Source: (2009) Paper presented at the Children and the Law International Conference. Prato, Tuscany, Italy. 7 September.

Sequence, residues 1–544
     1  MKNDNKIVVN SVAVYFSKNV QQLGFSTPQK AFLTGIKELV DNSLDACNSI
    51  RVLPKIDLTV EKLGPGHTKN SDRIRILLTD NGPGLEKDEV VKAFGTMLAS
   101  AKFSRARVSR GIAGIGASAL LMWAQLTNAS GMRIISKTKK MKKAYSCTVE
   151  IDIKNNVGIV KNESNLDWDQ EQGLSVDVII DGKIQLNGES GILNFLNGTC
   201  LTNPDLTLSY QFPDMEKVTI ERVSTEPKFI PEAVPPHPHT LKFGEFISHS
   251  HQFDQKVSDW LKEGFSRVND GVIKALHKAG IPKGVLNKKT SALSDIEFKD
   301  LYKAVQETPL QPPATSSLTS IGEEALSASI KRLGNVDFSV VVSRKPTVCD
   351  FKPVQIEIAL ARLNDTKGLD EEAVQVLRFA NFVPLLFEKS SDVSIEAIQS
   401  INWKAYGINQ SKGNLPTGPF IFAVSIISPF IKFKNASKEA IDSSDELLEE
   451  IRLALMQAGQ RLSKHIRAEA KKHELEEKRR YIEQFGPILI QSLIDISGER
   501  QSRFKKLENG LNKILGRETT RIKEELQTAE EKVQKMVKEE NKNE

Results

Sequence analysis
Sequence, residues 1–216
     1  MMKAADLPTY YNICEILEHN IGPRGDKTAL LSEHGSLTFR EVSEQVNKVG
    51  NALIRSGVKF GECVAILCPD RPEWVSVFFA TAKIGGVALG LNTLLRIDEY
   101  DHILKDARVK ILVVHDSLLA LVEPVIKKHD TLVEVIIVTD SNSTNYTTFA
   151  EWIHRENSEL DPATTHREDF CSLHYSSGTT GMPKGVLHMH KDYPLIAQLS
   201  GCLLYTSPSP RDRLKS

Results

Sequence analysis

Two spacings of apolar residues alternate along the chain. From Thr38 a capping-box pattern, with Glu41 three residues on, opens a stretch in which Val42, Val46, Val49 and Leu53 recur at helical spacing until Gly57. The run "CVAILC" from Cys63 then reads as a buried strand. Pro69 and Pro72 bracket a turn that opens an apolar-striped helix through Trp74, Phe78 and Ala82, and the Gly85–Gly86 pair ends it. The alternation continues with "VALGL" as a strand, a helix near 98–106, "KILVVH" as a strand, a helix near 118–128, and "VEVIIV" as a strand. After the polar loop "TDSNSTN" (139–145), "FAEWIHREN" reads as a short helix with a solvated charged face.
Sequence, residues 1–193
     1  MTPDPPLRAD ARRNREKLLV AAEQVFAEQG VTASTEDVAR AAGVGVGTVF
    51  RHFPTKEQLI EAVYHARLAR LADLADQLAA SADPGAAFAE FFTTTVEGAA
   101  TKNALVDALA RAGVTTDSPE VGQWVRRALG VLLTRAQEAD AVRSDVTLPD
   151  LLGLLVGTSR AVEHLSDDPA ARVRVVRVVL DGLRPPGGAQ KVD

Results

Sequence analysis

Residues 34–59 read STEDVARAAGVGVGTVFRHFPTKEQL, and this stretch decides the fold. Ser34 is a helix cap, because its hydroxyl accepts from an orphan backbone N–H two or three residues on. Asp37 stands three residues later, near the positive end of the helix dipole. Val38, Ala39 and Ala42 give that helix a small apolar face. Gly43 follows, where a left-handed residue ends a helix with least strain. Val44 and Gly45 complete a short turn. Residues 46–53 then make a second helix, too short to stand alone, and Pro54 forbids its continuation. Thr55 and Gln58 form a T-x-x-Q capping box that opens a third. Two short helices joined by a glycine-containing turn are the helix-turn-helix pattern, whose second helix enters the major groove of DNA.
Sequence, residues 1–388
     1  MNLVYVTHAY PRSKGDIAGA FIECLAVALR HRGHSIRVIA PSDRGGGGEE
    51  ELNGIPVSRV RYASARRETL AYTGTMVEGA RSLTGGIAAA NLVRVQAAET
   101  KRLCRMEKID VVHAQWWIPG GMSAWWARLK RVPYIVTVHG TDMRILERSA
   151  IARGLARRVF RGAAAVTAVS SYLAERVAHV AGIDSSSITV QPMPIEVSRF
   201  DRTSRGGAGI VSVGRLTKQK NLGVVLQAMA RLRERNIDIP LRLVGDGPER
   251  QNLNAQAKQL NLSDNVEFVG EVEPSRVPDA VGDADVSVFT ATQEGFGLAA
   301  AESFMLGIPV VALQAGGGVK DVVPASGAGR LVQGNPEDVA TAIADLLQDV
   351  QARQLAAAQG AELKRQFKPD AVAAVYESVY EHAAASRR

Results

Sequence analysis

In practice, the New Zealand system encapsulates restorative justice ideologies, by including the victim in the decision-making process and encouraging the mediation of concerns between the victim, the offender and their families to achieve reconciliation, restitution and rehabilitation. The New Zealand system, especially the family group conference, has been practised as a restorative justice system, though this was not necessary to conform to the provisions of the Act. Restorative justice is nowhere mentioned in the Act, yet a restorative justice approach is entirely consistent with its objects and principles. In fact, “restorative justice” thinking and practice had barely begun at the time the Children, Young Persons and Their Families Act 1989 was being discussed. Thus, the system follows restorative justice techniques although the black letter law did not explicitly envisage this outcome. (excerpt)